With my app in hand and my first milestone of 100 behind me, some of the crew at Yukon Striker were taking even more interest. Some would ask me what the count was and one crew member surprised me when he knew what the count was. That impressed me because most of the time I only knew generally what the count was unless I was close to a milestone and also that he had taken that much of an interest in what I was doing. Some crew members were making projections of how many I could get by the end of the season.
Coming off a day total of 50 I made the mistake of believing that that would continue. It didn’t. I started to realize that I had been fortunate to get to 100 fairly easily and that factors out of my control would start working against me. It was now August and more people were coming to the park. The single rider queue can be very slow moving and sometimes not moving at all because there are no empty seats on the trains. When single riders use the single rider queue, they tend to be spaced out in single file. More groups of people were using the single rider queue which tend to be packed tighter together causing the queue to move slower. Adding to all of that, the days were getting hotter. This produces what I started to refer to as the zombie walk where guests slow down getting on and off the trains causing the queues to back up even more. Each of these had an accumulative effect and I was starting to wonder if I was just wasting my time and should just give up.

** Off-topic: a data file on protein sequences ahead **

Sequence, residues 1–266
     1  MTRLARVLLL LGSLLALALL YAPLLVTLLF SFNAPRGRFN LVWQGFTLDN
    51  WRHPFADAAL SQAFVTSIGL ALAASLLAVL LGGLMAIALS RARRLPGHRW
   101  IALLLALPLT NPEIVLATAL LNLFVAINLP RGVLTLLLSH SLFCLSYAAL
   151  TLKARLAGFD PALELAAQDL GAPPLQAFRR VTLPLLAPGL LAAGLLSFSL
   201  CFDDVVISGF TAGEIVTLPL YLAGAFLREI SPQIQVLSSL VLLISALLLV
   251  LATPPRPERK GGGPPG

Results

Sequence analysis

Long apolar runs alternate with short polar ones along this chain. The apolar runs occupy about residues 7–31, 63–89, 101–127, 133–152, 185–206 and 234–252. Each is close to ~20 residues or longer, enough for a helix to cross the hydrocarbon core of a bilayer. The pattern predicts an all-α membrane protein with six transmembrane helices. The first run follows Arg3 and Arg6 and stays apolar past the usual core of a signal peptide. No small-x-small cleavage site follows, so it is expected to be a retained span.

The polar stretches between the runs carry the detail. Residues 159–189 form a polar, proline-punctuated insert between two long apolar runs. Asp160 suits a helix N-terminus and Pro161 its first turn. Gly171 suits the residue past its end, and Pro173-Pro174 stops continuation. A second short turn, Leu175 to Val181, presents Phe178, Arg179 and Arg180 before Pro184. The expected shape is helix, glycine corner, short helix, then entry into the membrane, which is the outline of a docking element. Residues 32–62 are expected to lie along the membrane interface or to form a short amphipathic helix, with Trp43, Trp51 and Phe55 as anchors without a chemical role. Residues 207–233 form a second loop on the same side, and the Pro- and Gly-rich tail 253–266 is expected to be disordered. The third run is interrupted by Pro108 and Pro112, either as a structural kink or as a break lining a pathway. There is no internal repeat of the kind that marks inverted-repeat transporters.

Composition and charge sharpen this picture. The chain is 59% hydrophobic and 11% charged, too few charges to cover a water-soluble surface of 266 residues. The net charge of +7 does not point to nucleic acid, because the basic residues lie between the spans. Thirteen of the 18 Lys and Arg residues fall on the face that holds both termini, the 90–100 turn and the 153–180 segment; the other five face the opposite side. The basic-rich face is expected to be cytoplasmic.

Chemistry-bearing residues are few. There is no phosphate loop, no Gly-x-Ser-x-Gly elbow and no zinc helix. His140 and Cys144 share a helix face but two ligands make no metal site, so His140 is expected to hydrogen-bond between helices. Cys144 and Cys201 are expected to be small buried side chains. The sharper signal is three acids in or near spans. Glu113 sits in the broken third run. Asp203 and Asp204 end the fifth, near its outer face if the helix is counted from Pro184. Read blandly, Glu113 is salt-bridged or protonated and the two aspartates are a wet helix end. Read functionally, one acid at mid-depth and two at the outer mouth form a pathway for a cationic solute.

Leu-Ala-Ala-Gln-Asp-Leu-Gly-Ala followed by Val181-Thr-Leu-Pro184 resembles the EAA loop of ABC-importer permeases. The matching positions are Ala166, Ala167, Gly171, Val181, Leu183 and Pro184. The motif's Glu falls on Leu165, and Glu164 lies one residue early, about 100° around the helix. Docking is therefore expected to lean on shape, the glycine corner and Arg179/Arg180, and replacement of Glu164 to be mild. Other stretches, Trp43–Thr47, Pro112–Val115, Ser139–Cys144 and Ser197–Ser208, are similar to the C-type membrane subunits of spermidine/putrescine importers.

I began to take inventory of why I was doing this. It wasn’t to get the highest count. There were two others that had season’s fast lane plus that were already way ahead of me and I wasn’t going to catch up to them using the single rider queue. It wasn’t easy. I would log about 19,000 steps each day on average which worked out to 19 km of walking, plus the physical stresses riding on an physically intense roller coaster 20 to 30 times each day. Why was I doing this if it was not fun anymore? That turned out to be the wrong question. The correct question should have been why is this not fun anymore? The answer was that I was more focused on the numbers than having fun.
Stopping using the count as a measurement of success was necessary if I was going to continue this journey. Accepting there were going to be things out of my control and figuring out which ones I could control was an important step. How many I could get in one day became less and less important in the measurement of a good day. The journey was becoming more rewarding than reaching any destination could be. I continued riding barefoot in the front row for my milestones as my own personal celebration of achievement. What’s the count would become a surprisingly more significant question in the following season that I didn’t see coming.
I made some friends, met many people, and learned a lot that season. When the regular season closed in October, my count was 311. It was the end of my riding Yukon Striker for 2019 and everything was about to change.